Totality game for an adult and child. Be the first to reach your agreed total.
Here are a collection of games from around the world to try during the holidays or the last few weeks of term.
A game for 2 players. This could be played outside with people instead of counters. Try to trap or escape from your opponent.
A game for 2 people that everybody knows. You can play with a friend or online. If you play correctly you never lose!
A game for 1 person to develop stategy and shape and space awareness. 12 counters are placed on a board. Counters are removed one at a time. The aim is to be left with only 1 counter.
A game for 2 players. Draw a daisy with at least 5 petals. Shade 1 or 2 petals next to each other. The winner shades the last petal.
A game for two people that can be played with pencils and paper. Combine your knowledge of coordinates with some strategic thinking.
Try to stop your opponent from being able to split the piles of counters into unequal numbers. Can you find a strategy?
An interactive activity for one to experiment with a tricky tessellation
Board Block Challenge game for an adult and child. Can you prevent your partner from being able to make a shape?
Advent Calendar 2010 - a mathematical game for every day during the run-up to Christmas.
Train game for an adult and child. Who will be the first to make the train?
A game for 2 people. Take turns placing a counter on the star. You win when you have completed a line of 3 in your colour.
A card pairing game involving knowledge of simple ratio.
Interactive game. Set your own level of challenge, practise your table skills and beat your previous best score.
A game for 1 person to play on screen. Practise your number bonds whilst improving your memory
An interactive game for 1 person. You are given a rectangle with 50 squares on it. Roll the dice to get a percentage between 2 and 100. How many squares is this? Keep going until you get 100. . . .
The game uses a 3x3 square board. 2 players take turns to play, either placing a red on an empty square, or changing a red to orange, or orange to green. The player who forms 3 of 1 colour in a line. . . .
This is a game for 2 players. Each player has 4 counters each, and wins by blocking their opponent's counters. A good follow-on from two stones.
This is a challenging game of strategy for two players with many interesting variations.
A fun game for two. You'll need some counters.
A train building game for 2 players.
Who said that adding, subtracting, multiplying and dividing couldn't be fun?
A game for 2 players. Using 2 dice, some counters and a games board, can you form a line of counters from one side of the board to the other?
Here is a chance to play a version of the classic Countdown Game.
An interactive game to be played on your own or with friends. Imagine you are having a party. Each person takes it in turns to stand behind the chair where they will get the most chocolate.
In this game for two players, the idea is to take it in turns to choose 1, 3, 5 or 7. The winner is the first to make the total 37.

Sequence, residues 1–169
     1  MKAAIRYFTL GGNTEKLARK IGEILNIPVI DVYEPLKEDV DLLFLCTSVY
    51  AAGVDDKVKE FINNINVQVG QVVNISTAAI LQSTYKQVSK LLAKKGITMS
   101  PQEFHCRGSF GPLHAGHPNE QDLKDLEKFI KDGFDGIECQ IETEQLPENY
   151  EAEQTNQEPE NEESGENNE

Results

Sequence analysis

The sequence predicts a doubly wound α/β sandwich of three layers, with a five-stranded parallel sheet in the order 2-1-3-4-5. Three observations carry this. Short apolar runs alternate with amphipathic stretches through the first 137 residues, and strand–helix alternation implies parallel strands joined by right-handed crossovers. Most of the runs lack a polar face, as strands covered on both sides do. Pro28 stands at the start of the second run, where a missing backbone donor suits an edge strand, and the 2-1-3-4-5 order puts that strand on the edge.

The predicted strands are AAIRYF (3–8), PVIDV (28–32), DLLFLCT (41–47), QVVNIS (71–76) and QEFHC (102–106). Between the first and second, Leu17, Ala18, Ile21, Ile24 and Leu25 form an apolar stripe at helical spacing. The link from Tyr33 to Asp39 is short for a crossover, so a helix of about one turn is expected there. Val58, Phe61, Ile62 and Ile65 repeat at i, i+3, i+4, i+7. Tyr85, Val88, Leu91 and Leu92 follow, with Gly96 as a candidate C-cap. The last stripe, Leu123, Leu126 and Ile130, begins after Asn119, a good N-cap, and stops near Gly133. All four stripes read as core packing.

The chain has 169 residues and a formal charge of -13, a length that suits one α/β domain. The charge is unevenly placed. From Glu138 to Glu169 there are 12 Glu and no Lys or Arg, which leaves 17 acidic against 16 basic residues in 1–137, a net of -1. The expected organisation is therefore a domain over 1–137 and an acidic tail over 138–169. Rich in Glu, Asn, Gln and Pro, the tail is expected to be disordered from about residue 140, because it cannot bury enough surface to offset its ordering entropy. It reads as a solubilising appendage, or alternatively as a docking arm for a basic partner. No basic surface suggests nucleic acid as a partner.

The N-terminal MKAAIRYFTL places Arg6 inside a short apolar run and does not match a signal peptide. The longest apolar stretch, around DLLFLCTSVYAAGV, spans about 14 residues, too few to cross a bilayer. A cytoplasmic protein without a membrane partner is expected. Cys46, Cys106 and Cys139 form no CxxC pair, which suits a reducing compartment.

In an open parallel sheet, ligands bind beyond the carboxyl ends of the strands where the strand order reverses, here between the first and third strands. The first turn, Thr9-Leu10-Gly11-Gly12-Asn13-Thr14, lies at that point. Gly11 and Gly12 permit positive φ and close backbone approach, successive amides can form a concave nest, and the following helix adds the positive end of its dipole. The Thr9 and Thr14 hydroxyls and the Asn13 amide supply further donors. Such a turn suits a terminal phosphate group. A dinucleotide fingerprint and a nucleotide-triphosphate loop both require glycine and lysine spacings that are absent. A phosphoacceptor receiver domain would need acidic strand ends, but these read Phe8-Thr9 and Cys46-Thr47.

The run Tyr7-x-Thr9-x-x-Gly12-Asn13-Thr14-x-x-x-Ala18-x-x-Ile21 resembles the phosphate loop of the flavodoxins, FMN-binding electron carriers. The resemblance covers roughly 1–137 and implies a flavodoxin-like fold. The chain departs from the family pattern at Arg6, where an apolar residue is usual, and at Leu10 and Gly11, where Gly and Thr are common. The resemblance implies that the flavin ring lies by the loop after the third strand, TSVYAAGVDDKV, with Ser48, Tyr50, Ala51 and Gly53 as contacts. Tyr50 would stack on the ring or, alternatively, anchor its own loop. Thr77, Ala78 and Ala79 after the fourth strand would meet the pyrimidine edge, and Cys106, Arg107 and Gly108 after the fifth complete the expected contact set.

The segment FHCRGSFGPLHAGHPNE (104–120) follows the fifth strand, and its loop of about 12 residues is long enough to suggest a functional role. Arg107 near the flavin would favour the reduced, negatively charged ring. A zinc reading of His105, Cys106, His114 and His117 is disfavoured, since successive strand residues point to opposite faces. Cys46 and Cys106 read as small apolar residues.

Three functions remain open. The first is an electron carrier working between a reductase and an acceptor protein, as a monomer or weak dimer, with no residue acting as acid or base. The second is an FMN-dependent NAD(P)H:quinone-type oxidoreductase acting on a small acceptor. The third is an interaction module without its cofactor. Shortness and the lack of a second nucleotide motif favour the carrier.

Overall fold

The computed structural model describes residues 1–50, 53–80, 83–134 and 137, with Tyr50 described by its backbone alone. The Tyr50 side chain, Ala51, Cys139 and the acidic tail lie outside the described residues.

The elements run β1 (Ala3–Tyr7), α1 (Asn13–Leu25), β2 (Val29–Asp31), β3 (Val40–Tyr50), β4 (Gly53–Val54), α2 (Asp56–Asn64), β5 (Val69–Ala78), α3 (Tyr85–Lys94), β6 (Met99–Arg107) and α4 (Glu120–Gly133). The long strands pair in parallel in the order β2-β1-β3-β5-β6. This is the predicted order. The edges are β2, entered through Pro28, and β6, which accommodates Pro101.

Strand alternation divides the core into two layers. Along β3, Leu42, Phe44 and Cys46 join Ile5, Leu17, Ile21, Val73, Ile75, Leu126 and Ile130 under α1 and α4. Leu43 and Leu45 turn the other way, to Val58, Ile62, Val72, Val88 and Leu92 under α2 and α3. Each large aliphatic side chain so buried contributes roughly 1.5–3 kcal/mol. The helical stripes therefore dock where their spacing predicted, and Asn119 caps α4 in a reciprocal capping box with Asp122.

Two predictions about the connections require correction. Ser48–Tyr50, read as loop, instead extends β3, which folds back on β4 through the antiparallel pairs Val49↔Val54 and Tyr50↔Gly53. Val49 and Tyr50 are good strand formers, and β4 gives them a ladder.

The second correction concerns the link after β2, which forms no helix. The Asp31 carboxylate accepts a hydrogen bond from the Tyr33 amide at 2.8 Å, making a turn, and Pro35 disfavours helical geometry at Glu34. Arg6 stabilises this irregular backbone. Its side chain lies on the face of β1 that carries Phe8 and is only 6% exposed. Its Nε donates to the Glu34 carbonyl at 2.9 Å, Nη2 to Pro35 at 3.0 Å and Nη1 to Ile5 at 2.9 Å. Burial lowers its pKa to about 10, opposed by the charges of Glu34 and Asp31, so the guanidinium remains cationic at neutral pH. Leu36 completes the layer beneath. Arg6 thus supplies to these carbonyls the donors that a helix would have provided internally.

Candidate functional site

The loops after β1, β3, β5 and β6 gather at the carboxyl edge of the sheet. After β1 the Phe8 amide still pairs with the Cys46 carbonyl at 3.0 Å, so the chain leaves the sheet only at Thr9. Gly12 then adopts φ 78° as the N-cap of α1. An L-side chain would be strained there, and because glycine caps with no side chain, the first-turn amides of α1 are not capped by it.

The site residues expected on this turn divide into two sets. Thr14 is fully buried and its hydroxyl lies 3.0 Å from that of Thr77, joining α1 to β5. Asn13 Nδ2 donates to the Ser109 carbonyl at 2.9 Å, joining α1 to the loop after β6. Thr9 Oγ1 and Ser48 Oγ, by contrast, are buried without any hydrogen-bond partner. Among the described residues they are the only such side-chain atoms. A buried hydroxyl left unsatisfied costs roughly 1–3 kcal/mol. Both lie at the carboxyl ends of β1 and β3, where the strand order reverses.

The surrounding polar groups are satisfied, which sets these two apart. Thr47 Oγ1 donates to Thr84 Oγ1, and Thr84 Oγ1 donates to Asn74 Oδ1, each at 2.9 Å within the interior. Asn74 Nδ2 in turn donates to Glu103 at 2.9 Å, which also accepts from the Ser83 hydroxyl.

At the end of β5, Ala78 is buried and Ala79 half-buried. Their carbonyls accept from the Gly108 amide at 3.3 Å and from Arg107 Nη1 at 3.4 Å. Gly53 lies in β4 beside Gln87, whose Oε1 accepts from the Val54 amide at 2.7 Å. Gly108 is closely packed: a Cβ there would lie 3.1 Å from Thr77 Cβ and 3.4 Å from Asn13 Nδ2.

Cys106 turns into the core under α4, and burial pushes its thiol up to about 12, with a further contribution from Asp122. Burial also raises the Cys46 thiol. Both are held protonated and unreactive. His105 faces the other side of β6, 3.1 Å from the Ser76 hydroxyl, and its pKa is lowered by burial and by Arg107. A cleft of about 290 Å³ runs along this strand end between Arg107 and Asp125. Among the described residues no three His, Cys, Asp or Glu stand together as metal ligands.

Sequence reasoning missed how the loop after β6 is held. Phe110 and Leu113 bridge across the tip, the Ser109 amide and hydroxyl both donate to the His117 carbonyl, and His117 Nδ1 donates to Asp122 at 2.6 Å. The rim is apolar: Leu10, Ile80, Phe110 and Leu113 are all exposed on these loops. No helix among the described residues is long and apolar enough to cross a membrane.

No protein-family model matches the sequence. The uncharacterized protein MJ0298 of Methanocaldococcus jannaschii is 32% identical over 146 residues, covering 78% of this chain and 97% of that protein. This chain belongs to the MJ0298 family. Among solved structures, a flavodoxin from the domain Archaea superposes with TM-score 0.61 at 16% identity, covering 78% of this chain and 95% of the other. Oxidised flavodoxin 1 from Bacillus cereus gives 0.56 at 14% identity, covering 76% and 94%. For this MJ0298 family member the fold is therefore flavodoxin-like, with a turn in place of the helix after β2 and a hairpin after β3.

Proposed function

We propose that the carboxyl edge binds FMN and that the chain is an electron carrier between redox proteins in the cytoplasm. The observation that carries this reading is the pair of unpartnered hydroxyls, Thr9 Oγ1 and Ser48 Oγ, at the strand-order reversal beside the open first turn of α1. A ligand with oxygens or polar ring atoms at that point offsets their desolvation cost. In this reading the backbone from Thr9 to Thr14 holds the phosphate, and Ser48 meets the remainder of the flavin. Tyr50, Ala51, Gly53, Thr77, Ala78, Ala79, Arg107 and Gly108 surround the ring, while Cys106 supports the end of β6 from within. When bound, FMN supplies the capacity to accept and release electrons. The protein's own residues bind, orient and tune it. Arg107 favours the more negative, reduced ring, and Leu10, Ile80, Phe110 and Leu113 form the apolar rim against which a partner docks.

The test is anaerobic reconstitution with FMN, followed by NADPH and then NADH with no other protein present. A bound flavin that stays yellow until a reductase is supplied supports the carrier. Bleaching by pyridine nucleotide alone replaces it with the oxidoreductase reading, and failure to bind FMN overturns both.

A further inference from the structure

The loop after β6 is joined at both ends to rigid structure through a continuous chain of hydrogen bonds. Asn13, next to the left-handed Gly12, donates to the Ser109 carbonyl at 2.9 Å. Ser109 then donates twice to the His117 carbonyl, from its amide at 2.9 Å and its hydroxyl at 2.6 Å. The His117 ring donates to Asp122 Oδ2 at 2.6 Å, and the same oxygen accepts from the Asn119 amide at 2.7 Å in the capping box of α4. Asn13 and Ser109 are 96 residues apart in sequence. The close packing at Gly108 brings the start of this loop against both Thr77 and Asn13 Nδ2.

A game for 2 players that can be played online. Players take it in turns to select a word from the 9 words given. The aim is to select all the occurrences of the same letter.
A game for 2 players. Given an arrangement of matchsticks, players take it is turns to remove a matchstick, along with all of the matchsticks that touch it.
Work out the fractions to match the cards with the same amount of money.
A game to be played against the computer, or in groups. Pick a 7-digit number. A random digit is generated. What must you subract to remove the digit from your number? the first to zero wins.
A shunting puzzle for 1 person. Swop the positions of the counters at the top and bottom of the board.
Investigations based on an Indian game.
A number card game for 2-6 players.
A game played with a standard pack of cards.
Spiralling Decimals game for an adult and child. Can you get three decimals next to each other on the spiral before your partner?
Who said that adding couldn't be fun?
Basic strategy games are particularly suitable as starting points for investigations. Players instinctively try to discover a winning strategy, and usually the best way to do this is to analyse. . . .
Can you explain the strategy for winning this game with any target?
A game to make and play based on the number line.
A simple game of patience which often comes out. Can you explain why?
Use your addition and subtraction skills, combined with some strategic thinking, to beat your partner at this game.
Hover your mouse over the counters to see which ones will be removed. Click to remove them. The winner is the last one to remove a counter. How you can make sure you win?
This is a game for two players. You will need some small-square grid paper, a die and two felt-tip pens or highlighters. Players take turns to roll the die, then move that number of squares in. . . .
An extension of noughts and crosses in which the grid is enlarged and the length of the winning line can to altered to 3, 4 or 5.
Design your own scoring system and play Trumps with these Olympic Sport cards.
This article supplies teachers with information that may be useful in better understanding the nature of games and their role in teaching and learning mathematics.
This article, the second in the series, looks at some different types of games and the sort of mathematical thinking they can develop.
Take turns to place a decimal number on the spiral. Can you get three consecutive numbers?
This challenge is a game for two players. Choose two of the numbers to multiply or divide, then mark your answer on the number line. Can you get four in a row?